PowerPoint Slides for: Recurrence of Hyperoxaluria and Kidney Disease after Combined Intestine-Kidney Transplantation for Enteric Hyperoxaluria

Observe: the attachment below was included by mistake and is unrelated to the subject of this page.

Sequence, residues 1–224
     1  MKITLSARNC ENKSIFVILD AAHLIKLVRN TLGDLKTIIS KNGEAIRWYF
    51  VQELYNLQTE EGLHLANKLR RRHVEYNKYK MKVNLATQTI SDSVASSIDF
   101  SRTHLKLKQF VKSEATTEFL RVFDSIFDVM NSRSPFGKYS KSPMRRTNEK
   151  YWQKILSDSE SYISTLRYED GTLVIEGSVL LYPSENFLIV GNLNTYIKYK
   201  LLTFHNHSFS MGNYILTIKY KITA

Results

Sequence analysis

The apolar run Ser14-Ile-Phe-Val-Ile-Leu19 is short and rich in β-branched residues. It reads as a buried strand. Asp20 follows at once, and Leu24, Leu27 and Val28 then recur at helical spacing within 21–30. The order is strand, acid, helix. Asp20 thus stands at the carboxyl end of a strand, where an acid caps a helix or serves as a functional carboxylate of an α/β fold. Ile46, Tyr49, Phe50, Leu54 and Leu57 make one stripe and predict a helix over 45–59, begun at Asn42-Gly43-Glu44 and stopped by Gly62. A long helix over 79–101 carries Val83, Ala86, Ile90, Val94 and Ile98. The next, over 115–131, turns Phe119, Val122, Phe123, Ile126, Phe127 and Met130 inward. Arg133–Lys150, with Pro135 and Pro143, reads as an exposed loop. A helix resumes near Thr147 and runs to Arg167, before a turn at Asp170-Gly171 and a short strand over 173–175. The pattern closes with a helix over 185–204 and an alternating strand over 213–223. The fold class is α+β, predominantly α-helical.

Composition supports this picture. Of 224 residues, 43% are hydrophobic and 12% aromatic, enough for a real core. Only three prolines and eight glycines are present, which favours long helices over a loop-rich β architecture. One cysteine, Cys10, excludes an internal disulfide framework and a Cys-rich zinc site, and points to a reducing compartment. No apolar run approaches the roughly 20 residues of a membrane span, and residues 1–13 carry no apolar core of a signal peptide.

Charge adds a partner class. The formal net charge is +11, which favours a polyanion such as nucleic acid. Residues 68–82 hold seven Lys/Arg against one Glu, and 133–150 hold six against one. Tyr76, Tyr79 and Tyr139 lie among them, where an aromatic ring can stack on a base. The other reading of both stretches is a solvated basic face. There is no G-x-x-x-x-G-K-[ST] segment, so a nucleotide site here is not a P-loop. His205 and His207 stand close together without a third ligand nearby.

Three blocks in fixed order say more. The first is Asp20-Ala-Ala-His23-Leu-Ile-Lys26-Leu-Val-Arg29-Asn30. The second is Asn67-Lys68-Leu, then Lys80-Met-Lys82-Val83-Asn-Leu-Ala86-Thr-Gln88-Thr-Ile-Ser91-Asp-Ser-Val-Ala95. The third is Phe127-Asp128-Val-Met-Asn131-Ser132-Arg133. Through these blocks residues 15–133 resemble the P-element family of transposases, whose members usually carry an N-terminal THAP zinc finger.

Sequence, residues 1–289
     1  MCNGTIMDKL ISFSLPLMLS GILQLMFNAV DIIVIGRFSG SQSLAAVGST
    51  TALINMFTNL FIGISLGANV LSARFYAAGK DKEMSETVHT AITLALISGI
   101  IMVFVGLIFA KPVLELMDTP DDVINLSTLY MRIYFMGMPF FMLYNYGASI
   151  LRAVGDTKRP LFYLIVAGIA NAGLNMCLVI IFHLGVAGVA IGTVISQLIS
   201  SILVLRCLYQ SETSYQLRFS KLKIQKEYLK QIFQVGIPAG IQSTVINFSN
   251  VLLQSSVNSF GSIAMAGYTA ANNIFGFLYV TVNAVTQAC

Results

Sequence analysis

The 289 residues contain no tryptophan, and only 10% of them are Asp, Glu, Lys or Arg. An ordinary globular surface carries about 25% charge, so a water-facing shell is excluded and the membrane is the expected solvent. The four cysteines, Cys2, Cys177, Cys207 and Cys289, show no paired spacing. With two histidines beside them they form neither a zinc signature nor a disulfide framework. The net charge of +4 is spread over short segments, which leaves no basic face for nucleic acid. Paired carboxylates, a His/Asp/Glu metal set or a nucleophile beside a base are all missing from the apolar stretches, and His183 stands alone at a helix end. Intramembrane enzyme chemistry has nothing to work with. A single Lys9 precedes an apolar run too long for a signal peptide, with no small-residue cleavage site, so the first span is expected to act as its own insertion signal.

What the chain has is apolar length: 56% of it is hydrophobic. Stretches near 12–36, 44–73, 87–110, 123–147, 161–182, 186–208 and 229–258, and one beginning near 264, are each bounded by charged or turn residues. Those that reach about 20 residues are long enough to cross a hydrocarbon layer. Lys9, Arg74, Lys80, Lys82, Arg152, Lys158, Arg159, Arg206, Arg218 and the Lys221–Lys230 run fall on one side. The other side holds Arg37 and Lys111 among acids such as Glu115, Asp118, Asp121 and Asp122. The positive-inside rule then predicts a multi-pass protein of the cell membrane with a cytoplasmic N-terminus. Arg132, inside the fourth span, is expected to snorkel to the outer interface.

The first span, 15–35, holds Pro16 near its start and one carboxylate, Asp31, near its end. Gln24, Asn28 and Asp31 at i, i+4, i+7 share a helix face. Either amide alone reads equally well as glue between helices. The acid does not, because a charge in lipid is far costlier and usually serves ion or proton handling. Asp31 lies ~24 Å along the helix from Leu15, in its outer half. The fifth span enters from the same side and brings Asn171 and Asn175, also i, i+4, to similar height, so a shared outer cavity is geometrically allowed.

Background: Enteric hyperoxaluria (EH) occurs with a rate of 5-24% in patients with inflammatory bowel disease, ileal resection and modern bariatric surgery. The excessive absorption of calcium oxalate causes chronic kidney disease (CKD) in patients with EH. In the literature, a single experience was reported in combined intestine-kidney transplantation (CIKTx) in patients with CKD due to EH. Methods:After a report of 2 successful cases of CIKTx in patients with EH and CKD, one was performed at our center in a 59-year-old Caucasian female who developed intestinal failure with total parenteral nutrition (TPN) dependence after a complication post-bariatric surgery. Before CIKTx, she underwent kidney transplantation alone (KTA) twice, which failed due to oxalate nephropathy. Results: In July 2014, the patient underwent CIKTx and bilateral allograft nephrectomy to avoid EH and oxalate stone burden. The postoperative course was complicated with acute tubular necrosis due to the use of high pressors related to perioperative bleeding. The patient was discharged 79 days after CIKTx with a serum creatinine (sCr) of 1.2 mg/dl and free of TPN. Her sCr increased at 7 months and a renal biopsy showed oxalate nephropathy. SLC26A6 (oxalate transporter) staining was significantly diminished in native duodenum/rectum as well as in intestinal allograft compared to control. Conclusions:KTA in patients with CKD secondary to EH should not be recommended due to high risk of recurrence. Although other centers showed good long-term outcomes in CIKTx, our patient experienced recurrence of EH due to oxalate transporter defect, early kidney allograft dysfunction and prolonged antibiotic use.